Last Updated on 1st December 2021
Ruth Wilson reunites with Ivo van Hove to star in his adaptation of Jean Cocteau’s The Human Voice for Three Weeks only at the Harold Pinter Theatre.
Sonia Friedman Productions today announces that Ruth Wilson will star in Ivo van Hove’s adaptation of Jean Cocteau’s The Human Voice, which he also directs with design by Jan Versweyveld, originally produced by Internationaal Theater Amsterdam. The production opens at the Harold Pinter Theatre on 22 March, with previews from 17 March, and runs for three weeks only until 9 April.
“We’ve never been more connected. We’ve never been more alone.
Two-time Olivier Award-winner Ruth Wilson stars in The Human Voice – the searing story of a woman’s heartbreak over the course of a final phone call with her former lover.
Reunited with groundbreaking director Ivo van Hove for the first time since their acclaimed Hedda Gabler, Ruth Wilson returns to the West End for 31 performances in this explosive reimagining of one of theatre’s greatest roles.
Jean Cocteau’s stunning monologue is more illuminating about love and loneliness than ever.”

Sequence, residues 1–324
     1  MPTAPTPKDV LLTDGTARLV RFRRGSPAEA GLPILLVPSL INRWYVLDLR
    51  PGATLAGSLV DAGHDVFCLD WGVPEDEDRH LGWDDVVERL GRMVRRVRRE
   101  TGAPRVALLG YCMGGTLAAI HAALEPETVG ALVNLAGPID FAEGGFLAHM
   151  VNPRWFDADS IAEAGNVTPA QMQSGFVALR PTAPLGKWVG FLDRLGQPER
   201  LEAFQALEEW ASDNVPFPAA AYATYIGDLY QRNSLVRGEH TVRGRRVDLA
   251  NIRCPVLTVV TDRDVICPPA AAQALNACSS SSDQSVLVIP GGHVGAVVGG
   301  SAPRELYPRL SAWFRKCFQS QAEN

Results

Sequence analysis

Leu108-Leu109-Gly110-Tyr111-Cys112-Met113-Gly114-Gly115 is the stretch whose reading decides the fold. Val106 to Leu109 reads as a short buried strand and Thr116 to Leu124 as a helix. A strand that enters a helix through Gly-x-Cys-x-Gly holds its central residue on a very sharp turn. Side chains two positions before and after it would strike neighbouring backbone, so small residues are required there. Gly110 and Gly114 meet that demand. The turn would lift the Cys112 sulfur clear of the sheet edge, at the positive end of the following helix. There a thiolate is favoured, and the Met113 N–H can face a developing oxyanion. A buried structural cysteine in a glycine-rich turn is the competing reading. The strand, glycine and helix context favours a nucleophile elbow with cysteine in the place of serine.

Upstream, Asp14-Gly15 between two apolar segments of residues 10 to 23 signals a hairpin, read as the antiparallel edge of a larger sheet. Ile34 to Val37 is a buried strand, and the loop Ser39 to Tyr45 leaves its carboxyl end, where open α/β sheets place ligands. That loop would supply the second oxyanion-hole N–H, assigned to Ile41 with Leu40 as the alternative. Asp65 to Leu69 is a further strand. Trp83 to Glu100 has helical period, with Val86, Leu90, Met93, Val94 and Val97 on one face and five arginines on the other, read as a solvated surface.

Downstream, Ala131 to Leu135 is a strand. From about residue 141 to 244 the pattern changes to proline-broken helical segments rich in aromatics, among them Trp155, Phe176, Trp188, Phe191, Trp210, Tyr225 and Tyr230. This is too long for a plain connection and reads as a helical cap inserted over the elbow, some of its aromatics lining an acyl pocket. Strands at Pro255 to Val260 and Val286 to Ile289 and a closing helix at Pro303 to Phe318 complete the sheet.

The Human Voice tickets are now on sale with tickets from just £5, and over 300 tickets at each performance at £25 or under.
Ruth Wilson said today, “I am absolutely thrilled to be collaborating again with Ivo and Jan on this wonderful, heartbreaking and deeply human monologue from Jean Cocteau. A woman alone with only her phone as companion, Cocteau explores the nature of intimate relations through inanimate objects. In a world in which are all addicted to and dependent on our phones, this play from the 1930s couldn’t feel more prescient. Ivo is the perfect director to bring Cocteau’s play to life as both share a love of the absurd as a mirror to truth.”
Sonia Friedman added, “It’s a privilege to begin the New Year in reuniting the extraordinary talents of two incredible theatre makers – Ruth Wilson and Ivo van Hove, bringing to London Ivo’s adaptation of Jean Cocteau’s The Human Voice, an intimate, captivating and devastatingly raw monologue.”